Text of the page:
I'm putting together a project where I'll be driving 4 x 10W RGB LEDs (these ones) with one PicoBuck LED driver. I'll be using all three channels on the LEDs at the same time and controlling dimming with an Arduino Uno using PWM. I'll be using heatsinks on each LED.
What power supply should I be looking at using for the LED driver and therefore the LEDs? I'll be honest that I'm a bit confused about the voltage requirements of LEDs - is it enough to use a DC power supply that supplies in this case at least around 40W and at least 350 mA current, regardless of its voltage? For example could I use a 19.5V 65W laptop DC power supply, of which I have several to hand? (for reference, I derived 40W from the maximum forward voltage of the three RGB channels added together (7 + 11 + 11 = 29) multiplied by the number of LED chips (4) multiplied by DC forward current of each channel (350mA) = 29 x 4 x 0.350 = 40.6)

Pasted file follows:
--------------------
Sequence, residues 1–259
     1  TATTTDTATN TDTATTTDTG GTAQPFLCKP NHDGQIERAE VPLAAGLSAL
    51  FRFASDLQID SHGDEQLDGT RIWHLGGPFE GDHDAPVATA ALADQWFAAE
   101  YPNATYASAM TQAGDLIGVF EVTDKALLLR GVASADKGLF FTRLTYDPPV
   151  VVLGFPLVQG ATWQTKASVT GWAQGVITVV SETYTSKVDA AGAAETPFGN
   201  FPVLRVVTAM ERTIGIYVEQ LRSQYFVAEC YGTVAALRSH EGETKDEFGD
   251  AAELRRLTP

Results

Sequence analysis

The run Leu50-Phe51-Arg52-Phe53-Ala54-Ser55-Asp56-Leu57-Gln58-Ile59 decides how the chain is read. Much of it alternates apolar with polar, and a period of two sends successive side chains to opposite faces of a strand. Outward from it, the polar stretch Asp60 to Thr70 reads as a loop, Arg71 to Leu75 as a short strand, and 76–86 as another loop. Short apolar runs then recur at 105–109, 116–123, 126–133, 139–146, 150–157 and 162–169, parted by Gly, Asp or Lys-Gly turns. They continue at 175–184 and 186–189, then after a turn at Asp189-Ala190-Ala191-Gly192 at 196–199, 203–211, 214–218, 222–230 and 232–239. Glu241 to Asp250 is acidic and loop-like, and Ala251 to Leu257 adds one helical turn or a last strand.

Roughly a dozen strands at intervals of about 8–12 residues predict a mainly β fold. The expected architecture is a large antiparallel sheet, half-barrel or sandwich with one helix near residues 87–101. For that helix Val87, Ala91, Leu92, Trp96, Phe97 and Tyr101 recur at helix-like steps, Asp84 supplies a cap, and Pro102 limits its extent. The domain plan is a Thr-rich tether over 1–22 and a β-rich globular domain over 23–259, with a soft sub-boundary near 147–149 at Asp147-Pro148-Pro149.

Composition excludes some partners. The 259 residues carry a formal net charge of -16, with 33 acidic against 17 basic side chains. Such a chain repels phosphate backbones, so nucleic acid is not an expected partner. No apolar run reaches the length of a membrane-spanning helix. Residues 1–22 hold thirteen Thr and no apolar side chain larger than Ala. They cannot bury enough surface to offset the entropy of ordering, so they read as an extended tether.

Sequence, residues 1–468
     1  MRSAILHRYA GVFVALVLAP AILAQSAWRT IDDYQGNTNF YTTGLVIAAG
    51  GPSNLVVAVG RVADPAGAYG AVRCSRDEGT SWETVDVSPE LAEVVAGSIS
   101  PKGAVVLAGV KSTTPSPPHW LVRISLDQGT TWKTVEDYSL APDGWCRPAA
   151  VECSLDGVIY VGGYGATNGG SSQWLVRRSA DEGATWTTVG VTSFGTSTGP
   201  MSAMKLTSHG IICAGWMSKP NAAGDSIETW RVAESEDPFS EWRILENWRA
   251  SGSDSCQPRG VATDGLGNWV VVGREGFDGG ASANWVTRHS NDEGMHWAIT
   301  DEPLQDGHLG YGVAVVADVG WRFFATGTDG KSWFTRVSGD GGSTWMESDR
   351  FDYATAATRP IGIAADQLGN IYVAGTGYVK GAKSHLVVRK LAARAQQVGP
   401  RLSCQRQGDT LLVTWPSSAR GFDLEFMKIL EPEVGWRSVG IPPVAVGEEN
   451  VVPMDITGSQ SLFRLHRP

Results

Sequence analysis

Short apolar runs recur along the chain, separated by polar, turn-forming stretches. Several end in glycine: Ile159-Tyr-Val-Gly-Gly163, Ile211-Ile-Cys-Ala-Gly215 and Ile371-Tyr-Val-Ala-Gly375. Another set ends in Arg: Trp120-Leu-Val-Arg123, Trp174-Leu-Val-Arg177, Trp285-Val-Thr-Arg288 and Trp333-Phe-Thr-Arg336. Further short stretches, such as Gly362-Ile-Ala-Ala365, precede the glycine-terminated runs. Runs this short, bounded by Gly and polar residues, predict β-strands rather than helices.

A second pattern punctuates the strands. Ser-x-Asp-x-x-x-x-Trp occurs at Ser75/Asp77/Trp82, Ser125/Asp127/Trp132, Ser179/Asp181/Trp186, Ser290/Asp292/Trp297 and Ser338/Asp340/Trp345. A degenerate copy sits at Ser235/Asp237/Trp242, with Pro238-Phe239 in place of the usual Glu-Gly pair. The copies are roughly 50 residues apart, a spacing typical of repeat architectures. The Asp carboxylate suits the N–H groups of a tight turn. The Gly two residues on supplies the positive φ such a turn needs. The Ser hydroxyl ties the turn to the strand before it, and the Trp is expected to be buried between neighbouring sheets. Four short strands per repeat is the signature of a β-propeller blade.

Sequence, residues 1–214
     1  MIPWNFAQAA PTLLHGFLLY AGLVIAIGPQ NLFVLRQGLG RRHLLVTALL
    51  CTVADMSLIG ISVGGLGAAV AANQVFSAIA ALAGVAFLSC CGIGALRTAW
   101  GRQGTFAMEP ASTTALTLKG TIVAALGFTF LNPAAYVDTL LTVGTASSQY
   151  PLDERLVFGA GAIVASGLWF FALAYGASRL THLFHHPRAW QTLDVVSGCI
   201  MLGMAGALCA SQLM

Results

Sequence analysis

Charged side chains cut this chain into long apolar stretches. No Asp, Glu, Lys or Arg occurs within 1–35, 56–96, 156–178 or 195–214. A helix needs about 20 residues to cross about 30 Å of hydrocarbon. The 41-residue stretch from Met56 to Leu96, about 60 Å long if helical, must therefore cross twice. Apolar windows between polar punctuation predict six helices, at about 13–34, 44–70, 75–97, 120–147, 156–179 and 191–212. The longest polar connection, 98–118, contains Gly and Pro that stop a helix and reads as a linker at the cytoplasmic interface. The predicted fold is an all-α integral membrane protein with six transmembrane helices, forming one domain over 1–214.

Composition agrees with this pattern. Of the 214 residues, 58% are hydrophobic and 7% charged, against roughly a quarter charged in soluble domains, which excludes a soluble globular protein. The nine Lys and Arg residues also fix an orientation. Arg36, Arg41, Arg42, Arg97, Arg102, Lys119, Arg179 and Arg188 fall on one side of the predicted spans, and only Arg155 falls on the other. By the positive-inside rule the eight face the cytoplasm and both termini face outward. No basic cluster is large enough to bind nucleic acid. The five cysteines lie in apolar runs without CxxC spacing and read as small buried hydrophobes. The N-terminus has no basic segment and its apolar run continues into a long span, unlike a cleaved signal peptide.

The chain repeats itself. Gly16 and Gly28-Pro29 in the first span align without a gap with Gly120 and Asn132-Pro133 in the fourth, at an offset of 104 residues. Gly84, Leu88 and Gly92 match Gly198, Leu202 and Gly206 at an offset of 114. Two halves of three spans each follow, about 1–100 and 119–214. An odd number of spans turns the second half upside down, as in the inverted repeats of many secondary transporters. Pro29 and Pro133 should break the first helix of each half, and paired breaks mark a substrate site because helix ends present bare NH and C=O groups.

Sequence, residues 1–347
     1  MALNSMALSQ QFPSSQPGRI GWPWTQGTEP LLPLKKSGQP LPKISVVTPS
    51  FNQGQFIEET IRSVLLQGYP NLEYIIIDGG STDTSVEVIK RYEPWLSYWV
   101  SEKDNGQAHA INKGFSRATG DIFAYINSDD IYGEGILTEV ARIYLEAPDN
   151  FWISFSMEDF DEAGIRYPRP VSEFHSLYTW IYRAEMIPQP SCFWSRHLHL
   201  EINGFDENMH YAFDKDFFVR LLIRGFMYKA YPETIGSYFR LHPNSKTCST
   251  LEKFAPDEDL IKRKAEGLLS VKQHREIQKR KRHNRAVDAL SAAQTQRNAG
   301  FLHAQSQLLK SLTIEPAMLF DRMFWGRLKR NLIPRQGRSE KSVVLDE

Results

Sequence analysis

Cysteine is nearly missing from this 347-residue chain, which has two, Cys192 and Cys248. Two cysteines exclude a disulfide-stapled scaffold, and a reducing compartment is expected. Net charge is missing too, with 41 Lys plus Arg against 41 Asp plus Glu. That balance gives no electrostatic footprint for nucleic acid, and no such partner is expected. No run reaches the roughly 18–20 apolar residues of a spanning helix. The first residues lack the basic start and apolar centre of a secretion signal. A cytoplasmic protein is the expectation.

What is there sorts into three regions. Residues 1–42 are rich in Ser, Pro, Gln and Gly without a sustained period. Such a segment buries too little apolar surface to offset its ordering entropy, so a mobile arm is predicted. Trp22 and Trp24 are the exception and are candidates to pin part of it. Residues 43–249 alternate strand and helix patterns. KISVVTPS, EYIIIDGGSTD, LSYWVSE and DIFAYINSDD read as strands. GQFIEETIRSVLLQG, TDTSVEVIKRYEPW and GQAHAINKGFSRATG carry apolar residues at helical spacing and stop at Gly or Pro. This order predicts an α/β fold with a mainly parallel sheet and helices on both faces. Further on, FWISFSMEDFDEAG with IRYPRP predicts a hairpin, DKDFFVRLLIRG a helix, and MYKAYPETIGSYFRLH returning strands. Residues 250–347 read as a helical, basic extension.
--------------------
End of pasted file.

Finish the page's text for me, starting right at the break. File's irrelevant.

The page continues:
Do you think I can achieve this project with just one of these PicoBuck LED drivers, if the four LED chips are connected in series (diagram attached)? The PicoBuck uses the Al8805 chip, a high efficiency 36V 1A buck LED driver. It says that "the device can drive up to 8 LEDs, depending on the forward voltage of the LEDs, in series from a voltage source of 6V to 36V.". Does this mean that if I am using 4 RGB LEDS, this is considered as 4 LEDS, or would it be 12 LEDS, considering each LED has 3 channels with separate power? If the latter, there is the possibility of dropping the number of LEDs to 3 for this project.
I was looking at using a heatsink for each LED with a thermal resistance of 5.8°C/W - would this be suitable?
- Forward voltage at 350mA:
- red 6.0 min 7.0V max,
- green and blue 9.0 min 11.0V max
DC forward current: 350mA each channel
EDIT: the setup will be outside in winter, so we're looking at average maximum 9.0 °C | 50 °F and minimum - 1.0 °C | 30.0°F (at least round these parts)